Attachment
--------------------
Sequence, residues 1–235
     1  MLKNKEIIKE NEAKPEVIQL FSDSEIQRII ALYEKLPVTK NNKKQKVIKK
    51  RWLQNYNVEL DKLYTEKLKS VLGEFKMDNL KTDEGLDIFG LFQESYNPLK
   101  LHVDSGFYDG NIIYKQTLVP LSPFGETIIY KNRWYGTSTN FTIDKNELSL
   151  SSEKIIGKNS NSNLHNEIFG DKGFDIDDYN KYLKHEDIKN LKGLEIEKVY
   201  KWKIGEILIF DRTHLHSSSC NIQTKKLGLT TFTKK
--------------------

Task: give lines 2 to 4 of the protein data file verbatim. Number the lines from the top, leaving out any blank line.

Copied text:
     1  MLKNKEIIKE NEAKPEVIQL FSDSEIQRII ALYEKLPVTK NNKKQKVIKK
    51  RWLQNYNVEL DKLYTEKLKS VLGEFKMDNL KTDEGLDIFG LFQESYNPLK
   101  LHVDSGFYDG NIIYKQTLVP LSPFGETIIY KNRWYGTSTN FTIDKNELSL